If you have other cordless power tools that use the same battery system, that would be a big benefit.

I'm sure someone has done a comprehensive test and comparison between many of the options. With battery tech it's hard to judge the power based on voltage.

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I actually like the built in chain tensioner on the 180 (32cc saw).   I wouldn't want it on a larger saw, but that little chain strecthes out so much, when starting using a new one, that it often needs tightening between fill-ups, and the built in system lets me do it without walking back to where I left the oil/gas/file/etc.  You do have to crank on the flippy handle, but I don't ever remember it slipping.

I keep a 24" bar on the 036 (60cc), but it's just to keep from having to bend over as much.  I'd never cut a 24" tree with it.  It would do it, but would be kind of slow, and even though it's a pro saw, I don't like to work them hard.  The 036 is 20 years old, and the hot rod 066 (90cc) is older than that.  They both start, and run like new ones.  The 90cc saw is a good size for cutting 2' stuff.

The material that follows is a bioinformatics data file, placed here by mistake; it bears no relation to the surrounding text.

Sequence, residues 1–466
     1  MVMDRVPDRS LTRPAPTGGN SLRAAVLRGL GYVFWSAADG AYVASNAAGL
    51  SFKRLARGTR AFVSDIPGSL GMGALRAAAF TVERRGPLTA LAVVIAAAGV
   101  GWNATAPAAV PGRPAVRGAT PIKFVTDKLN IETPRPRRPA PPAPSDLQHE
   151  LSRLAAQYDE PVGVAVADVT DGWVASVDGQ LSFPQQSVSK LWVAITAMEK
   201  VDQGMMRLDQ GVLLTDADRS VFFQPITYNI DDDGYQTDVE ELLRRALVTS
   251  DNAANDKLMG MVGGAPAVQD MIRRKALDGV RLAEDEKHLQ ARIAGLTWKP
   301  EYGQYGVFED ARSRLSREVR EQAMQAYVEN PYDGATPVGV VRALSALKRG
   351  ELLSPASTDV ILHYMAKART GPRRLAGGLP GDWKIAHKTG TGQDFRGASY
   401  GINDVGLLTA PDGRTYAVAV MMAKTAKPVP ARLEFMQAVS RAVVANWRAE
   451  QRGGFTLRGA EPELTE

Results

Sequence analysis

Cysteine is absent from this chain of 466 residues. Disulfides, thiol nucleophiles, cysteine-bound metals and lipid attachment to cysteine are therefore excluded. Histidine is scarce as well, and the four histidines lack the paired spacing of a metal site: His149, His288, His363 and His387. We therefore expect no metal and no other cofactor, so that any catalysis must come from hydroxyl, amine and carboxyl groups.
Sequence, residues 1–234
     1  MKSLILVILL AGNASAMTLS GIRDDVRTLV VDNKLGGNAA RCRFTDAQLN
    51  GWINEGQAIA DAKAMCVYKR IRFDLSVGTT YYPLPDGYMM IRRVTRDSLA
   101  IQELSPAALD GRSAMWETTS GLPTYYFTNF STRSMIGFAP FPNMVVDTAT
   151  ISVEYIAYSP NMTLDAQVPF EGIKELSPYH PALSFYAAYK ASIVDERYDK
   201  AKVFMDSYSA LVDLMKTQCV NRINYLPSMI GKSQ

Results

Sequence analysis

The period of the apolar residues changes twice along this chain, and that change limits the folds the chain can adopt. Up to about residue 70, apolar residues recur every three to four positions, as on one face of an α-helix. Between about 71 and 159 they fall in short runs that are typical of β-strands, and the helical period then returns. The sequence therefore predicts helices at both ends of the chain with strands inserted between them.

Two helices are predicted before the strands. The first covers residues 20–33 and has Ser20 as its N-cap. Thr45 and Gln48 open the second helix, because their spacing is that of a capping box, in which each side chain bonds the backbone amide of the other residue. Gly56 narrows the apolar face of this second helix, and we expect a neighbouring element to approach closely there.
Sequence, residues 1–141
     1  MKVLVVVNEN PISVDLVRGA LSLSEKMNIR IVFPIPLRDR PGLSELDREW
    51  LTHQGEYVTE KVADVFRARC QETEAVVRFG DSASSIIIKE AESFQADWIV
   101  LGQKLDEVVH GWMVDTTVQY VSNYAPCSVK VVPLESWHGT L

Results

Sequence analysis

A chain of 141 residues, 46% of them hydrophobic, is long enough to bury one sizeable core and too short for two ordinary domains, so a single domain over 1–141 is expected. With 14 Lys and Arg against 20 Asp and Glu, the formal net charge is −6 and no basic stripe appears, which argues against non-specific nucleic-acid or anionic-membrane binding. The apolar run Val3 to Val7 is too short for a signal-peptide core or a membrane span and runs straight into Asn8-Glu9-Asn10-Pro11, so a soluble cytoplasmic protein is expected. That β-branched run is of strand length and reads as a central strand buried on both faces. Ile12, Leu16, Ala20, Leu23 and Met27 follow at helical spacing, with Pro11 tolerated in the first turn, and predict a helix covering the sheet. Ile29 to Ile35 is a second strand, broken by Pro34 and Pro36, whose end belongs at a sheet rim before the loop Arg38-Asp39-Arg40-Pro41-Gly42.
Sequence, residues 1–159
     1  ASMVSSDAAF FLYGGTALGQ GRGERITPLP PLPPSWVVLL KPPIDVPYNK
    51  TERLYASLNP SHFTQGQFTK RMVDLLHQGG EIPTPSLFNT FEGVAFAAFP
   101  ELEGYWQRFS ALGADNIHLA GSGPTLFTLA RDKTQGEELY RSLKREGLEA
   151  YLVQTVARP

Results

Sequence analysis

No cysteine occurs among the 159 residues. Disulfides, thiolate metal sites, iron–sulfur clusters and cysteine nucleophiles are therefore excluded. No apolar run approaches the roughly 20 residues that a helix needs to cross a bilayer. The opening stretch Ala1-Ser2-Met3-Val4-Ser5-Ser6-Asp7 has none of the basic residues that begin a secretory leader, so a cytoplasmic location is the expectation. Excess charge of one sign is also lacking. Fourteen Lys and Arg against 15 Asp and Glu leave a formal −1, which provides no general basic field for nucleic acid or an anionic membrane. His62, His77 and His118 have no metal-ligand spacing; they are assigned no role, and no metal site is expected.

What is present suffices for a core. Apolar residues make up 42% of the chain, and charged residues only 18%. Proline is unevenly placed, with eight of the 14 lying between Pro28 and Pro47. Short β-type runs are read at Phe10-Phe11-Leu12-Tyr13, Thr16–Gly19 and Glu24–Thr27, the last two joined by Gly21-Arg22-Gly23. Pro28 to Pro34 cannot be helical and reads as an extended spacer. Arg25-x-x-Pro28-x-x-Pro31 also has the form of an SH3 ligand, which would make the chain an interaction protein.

The little 180 gets used the most, for grab and go small stuff, and trimming.  It's just a homeowner grade saw, whereas the other two are pro saws.  Pro saws are built to last running all day, every day, and are easy to work on.  The homeowner saws are mostly just use till they quit, and toss.  They will do a lot of work though, but I wouldn't expect one to last 20 years.

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Well, at least with a cordless saw you can't put chain oil in the fuel tank.  (Not that I know anyone who's ever done something that boneheaded.)

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5 hours ago, Pondhockey said:

Well, at least with a cordless saw you can't put chain oil in the fuel tank.  (Not that I know anyone who's ever done something that boneheaded.)

Or have a neighbor 'help' and fill it with gas. with straight gas. 

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8 hours ago, Pondhockey said: